In U.S. football, it turns out that teams go for it on fourth down far too infrequently. Even teams like the New England Patriots (who go for it much more often than other teams) don’t go for it often enough. This runs so contrary to people’s intuition that you won’t find many who agree with this assessment even after seeing the numbers. And even though going for it may be the right decision, coaches get lambasted when it doesn’t work out. The authors tell the story of the high school football team, Pulaski Academy, that never punts, never returns punts, and on kickoffs attempts on-side kicks or just kicks the ball out of bounds to prevent a return. Pulaski went on to great success.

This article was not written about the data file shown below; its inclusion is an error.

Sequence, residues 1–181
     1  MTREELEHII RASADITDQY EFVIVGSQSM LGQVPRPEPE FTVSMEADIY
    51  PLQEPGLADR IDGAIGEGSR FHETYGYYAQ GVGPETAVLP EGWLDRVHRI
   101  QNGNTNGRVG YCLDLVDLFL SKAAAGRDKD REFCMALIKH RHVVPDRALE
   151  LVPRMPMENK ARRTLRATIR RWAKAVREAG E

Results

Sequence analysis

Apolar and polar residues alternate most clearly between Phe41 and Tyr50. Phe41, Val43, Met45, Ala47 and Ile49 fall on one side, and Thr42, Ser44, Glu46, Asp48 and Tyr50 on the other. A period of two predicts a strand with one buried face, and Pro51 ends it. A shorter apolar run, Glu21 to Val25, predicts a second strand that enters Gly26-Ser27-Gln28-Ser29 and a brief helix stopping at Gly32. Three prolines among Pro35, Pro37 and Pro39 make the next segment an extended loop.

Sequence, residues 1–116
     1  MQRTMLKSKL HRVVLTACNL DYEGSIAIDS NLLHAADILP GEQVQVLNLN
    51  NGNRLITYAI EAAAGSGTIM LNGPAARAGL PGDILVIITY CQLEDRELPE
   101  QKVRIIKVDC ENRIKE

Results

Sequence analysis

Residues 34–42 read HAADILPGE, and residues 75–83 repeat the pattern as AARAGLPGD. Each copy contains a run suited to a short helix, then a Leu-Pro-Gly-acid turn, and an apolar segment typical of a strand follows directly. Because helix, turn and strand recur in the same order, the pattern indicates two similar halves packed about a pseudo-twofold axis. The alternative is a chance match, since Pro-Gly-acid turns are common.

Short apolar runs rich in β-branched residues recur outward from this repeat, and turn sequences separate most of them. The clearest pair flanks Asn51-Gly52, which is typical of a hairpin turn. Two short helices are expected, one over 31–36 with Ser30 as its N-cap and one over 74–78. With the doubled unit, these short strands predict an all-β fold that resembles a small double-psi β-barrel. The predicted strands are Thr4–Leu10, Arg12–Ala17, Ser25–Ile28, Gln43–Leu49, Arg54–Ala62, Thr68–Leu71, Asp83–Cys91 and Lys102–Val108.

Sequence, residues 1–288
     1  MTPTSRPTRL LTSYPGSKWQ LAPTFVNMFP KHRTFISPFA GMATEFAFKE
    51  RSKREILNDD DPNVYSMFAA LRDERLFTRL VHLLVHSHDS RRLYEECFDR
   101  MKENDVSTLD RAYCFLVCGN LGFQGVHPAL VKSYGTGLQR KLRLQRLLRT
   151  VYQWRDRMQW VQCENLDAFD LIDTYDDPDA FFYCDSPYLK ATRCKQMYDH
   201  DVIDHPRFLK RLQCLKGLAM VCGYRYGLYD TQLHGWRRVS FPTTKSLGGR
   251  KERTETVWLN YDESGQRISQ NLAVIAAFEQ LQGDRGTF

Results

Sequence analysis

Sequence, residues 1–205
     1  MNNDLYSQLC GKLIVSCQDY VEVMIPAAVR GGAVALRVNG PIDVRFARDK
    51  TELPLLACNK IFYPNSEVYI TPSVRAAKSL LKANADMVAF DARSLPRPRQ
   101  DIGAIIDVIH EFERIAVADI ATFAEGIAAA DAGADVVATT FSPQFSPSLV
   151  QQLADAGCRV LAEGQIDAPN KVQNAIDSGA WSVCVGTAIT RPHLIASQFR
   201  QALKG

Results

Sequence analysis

In basketball, the authors show that sitting out players with foul trouble makes little sense. “Yes, a player may foul out of a game, but benching the player ensures that he’s out of the game.” The authors estimate that NBA coaches give up 0.5 points per game with the flawed strategy of benching star players in foul trouble. One coach gave an explanation of why he would continue to bench players with 5 fouls despite the evidence: “my kids go to school here!” It turns out that coaches feel great pressure to do what the fans expect them to do.
In basketball we often hear that defense wins championships. The authors crunched the numbers and found that, in reality, offense and defense are equally important. However, as any youth basketball coach knows, many players must be motivated to play hard on defense, but need little motivation to play hard on offense. So, declaring that defense wins championships isn’t really about choosing a strategy as it is about demanding that players put forth a full effort at both ends of the floor.